Luck can be defined as the point at which opportunity meets preparation, as was perfectly illustrated when English women’s domestic football turned professional in the early summer of 2018. Snack Media was already the Digital Media Partner of the PFA Bristol Street Motors Fans’ Player of the Month Awards and the decision to add a category for the FA Women’s Super League last season was a no brainer for all three parties involved. Thus, Bristol Street Motors had become one of the first commercial partners of the new era of English women’s football and Snack one of its key media champions.
The last 10 months have been a steep learning curve for us ‘early adopters’ as it has for all the new partners. The female players are very different from their male counterparts and the fans engage in different, perhaps more modern, ways. Interaction via social platforms feels much more real whilst established media, both traditional and digital, play a less important role. This can be clearly demonstrated by the ad-hoc nature of the coverage of the game on broadcast media.
There is no set appointment comparable to Sky Sports’ Super Sunday or Monday Night Football leaving fans to scrabble around on a weekly basis to find out who is playing when and on what channel and/or platforms. However, a threshold has been reached and now change is happening. There have been a number of significant moves by both brands and the media during the 2018/19 season, but the two key drivers domestically have been Barclays’ three year financial commitment to the FA WSL and the promotion of both Manchester United and Spurs from the Championship to the Super League. From next season, all of the ‘Big Six’ English clubs are now represented at the top tier of the game and have integrated their women’s teams into the main structure of their clubs.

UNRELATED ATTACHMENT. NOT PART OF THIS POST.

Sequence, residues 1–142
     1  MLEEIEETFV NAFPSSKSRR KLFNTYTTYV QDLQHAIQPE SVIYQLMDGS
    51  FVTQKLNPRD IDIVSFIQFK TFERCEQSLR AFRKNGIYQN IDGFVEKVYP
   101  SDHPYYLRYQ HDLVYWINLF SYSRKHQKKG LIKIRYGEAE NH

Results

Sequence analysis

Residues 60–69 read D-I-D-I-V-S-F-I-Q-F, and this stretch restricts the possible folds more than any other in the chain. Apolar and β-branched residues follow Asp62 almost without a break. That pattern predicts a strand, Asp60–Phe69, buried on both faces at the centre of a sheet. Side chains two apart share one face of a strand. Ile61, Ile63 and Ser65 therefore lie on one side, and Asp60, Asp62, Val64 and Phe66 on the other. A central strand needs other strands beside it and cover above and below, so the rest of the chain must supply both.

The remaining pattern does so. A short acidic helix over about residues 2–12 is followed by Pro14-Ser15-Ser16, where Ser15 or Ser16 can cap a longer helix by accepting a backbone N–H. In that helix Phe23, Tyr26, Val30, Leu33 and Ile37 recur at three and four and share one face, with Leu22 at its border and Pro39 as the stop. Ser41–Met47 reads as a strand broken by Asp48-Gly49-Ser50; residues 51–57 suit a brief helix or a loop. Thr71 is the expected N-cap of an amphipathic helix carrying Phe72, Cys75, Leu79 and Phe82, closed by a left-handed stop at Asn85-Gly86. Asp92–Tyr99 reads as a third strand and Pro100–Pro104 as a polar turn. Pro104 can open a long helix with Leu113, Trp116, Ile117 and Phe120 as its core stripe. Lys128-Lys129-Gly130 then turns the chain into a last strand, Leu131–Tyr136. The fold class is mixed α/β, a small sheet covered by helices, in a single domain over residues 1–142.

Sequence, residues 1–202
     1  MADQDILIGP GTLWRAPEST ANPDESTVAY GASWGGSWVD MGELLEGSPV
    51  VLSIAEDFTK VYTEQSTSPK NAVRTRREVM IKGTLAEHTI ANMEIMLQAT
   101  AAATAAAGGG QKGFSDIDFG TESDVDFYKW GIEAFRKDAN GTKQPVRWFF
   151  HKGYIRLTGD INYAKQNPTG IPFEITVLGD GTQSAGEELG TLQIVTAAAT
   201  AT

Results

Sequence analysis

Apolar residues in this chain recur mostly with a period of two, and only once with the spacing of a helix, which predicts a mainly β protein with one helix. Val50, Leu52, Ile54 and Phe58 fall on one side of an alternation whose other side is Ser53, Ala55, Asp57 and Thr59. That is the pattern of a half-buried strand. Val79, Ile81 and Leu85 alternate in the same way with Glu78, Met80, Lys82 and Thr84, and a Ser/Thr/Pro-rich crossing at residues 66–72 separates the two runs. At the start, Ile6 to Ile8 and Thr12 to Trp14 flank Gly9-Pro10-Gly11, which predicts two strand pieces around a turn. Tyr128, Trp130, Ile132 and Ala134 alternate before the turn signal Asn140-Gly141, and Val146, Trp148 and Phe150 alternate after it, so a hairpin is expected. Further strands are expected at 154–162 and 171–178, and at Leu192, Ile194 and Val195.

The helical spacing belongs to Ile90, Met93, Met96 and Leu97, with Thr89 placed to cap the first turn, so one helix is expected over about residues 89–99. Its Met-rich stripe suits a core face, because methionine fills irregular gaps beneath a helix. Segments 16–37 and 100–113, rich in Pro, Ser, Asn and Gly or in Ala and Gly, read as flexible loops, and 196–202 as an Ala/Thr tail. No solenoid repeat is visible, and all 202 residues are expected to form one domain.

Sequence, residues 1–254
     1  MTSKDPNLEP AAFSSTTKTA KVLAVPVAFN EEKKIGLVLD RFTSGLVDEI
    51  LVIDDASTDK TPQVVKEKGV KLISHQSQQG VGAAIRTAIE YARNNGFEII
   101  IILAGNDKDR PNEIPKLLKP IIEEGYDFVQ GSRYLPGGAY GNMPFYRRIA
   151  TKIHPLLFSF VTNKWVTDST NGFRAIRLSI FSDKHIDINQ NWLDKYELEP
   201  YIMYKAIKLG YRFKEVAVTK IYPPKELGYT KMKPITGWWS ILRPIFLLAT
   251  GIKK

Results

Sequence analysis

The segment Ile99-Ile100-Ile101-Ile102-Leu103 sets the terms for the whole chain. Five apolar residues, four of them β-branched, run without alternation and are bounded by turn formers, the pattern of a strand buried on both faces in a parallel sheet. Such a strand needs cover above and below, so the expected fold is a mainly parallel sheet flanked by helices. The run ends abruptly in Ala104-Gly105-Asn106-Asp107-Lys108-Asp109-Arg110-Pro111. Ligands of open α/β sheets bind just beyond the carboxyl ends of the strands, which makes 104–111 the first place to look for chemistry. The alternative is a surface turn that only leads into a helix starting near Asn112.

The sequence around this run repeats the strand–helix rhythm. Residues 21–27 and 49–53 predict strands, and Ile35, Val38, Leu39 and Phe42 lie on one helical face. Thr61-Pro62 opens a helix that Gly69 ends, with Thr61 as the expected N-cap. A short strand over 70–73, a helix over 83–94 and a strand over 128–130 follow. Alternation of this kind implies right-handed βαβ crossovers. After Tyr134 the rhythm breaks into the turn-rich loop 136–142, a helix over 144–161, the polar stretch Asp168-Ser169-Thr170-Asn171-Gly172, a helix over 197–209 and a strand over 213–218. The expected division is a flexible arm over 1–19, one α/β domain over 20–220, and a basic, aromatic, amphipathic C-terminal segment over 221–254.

This summer’s FIFA World Cup is the final piece of the jigsaw and it is now time for others to realise the women’s game is here to stay and presents a virtually brand new opportunity for brands to engage with a diverse segment of engaged fans. Whilst passionate and informed debates around the USA’s 13-0 demolition of Thailand or the size of the goals, the pitch and the ball have shown that the media has matured in its approach to women’s football coverage, it will be interesting to see what space is given over to the 19/20 FA WSL once the steamroller that is the English Premier League rolls back into town. For brands there is no such problem, women’s football presents a potentially once in a lifetime chance to gain a foothold among the top names in the nation’s number one obsession.
It doesn’t matter whether they fund this from their core marketing budgets or from other sources such as money set aside for Corporate Social Responsibility projects, there will be many opportunities coming up over the next few years. Those organisations that prepare to take them now will be the ones that both give and gain the most benefit and in a few years’ time they will be considered the ‘lucky’ ones.
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See Twitter, Visa, Endeavor, Engine Sports and the Football Writers’ Association talk about next steps for the women’s football. Where should we be with the game and how do we get there? Join the conversation on July 11th at the offices of Howard Kennedy LLP in Central London. Get your ticket below.